The future of autonomous vehicles in the UK is looking a lot more concrete as five companies, along with their collaborators, have been awarded £12.1m in funding by the government to help develop the first road-legal driverless car
Soon you might able to sit back and relax on your commute to work as autonomous vehicles take over the driving duties.
All over the world, government bodies and private companies are working to make this dream a reality.
In the UK, the Centre for Connected and Autonomous Vehicles (CAVs), together with national agency Innovate UK, launched a collaborative research and development competition in January 2018 to test and demonstrate CAV capabilities.
Companies were judged based on the scope of their work and how critical to the future of self-automated transport it could prove.
Following assessments by independent experts, six projects have been awarded £12.1m in funding by the UK government, which is spearheading a Future of Mobility strategy.
Here’s the companies behind the schemes.
Autonomous vehicles: Latent Logic
Latent Logic (formerly Morpheus Labs) is an Oxford-based start-up developing machine learning software for autonomous vehicles and traffic modelling applications.
Using human demonstrations, it teaches autonomous systems how to solve various tasks and challenges within virtual environments.
It received £2.7m in funding for its £3.9m project OmniCAV – a testing certification tool to be be used by accreditation bodies, insurers and manufacturers to speed the development and future production of driverless vehicles.
Helping on the project is its ten-strong consortium comprising the following organisations:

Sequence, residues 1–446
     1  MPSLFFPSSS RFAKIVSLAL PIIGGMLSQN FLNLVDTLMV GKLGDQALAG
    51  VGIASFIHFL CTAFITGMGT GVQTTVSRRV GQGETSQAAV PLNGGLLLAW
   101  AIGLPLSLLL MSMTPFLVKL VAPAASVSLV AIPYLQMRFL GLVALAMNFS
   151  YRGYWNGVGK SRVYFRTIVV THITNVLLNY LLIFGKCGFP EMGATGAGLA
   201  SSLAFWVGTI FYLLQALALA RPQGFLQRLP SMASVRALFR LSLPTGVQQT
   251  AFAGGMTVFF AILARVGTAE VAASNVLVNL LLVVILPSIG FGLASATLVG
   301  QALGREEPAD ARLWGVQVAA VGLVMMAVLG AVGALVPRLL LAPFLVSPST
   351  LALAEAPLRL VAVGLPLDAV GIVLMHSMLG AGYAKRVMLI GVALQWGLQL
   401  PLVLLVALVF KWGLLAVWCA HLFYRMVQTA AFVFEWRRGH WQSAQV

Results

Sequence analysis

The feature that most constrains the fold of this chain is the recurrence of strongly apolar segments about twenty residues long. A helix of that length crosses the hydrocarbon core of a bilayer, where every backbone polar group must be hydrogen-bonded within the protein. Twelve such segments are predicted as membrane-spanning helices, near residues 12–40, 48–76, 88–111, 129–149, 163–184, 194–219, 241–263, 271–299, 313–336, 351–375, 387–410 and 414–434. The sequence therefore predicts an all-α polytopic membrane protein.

- Aimsun Limited
- Arcadis Consulting (Uk) Limited
- Arrival Limited
- Eui Limited (trading name for Admiral Insurance)
- Ordnance Survey Limited
- Oxfordshire County Council
- Thatcham Research
- UK Atomic Energy Authority (UKAEA)
- University of Warwick
- XPI simulation Limited
Autonomous vehicles: Jaguar Land Rover (JLR)
British multinational JLR, a subsidiary of Indian automotive company Tata Motors, is heavily involved with the development of connected and autonomous vehicles around the world.
It received £1.7m of funding for its £2.7 COSMOS project to create a method of reducing sensor interference in heavy traffic so as to improve driverless vehicle safety.
For this work, it is leading a consortium of two comprising Horiba Mira Limited and the University of Birmingham.
JLR is also leading another duo to enhance safety analysis and use various virtual simulations to demonstrate the safety of autonomous vehicles, helping them pass national regulations.
The Sim4Safe project has received £1.4m of its £2m cost estimate from the government, and involves Kangaloosh Limited and the University of Warwick.
Autonomous vehicles: Horiba Mira
Founded in 1946, Horiba Mira collaborates with global manufacturers to develop and deliver vehicle engineering solutions.
It is leading a consortium of seven in the development of a simulation test system VeriCAV. The programme generates various scenarios in which to experiment.
The project is estimated to cost £3.4m, with £2.4m covered by the grant.
The organisations involved include:
- Aimsun Limited
- Jaguar Land Rover Limited
- Latent Logic
- Propelmee Limited
- Saic Motor Uk Technical Centre Limited
- Transport Systems Catapult
- University Of Leeds
Autonomous vehicles: aiPod
US start-up aiPod seeks to develop an operating system that integrates autonomous vehicles with city data and transport infrastructure to improve accessibility, convenience and safety.
It has received £3m in funding for its £3.8m D-RISK project to create another scenario generator that will help inform the decision-making process and risk-assessment protocols for connected and autonomous vehicles.
Its consortium of four organisations for the project includes the following:
- Claytex Services Limited
- Dg Cities Limited
- Imperial College London
- Transport for London Finance Limited
Autonomous vehicles: DyniumRobot
Dynium Robot aims to leverage the talent and infrastructure in and around its Oxford base into commercial opportunities in autonomous robotics.
With offices in Oxford and a test site at a Herefordshire farm, it is leading a consortium of three to develop off-road simulation environments that will reduce the cost of deploying autonomous vehicles on farms.
Its Simulation of Complex Off-Road Environments project is predicted to cost £1.2m, £900,000 of which has been accounted for by the government fund, and its being worked by University College London (UCL).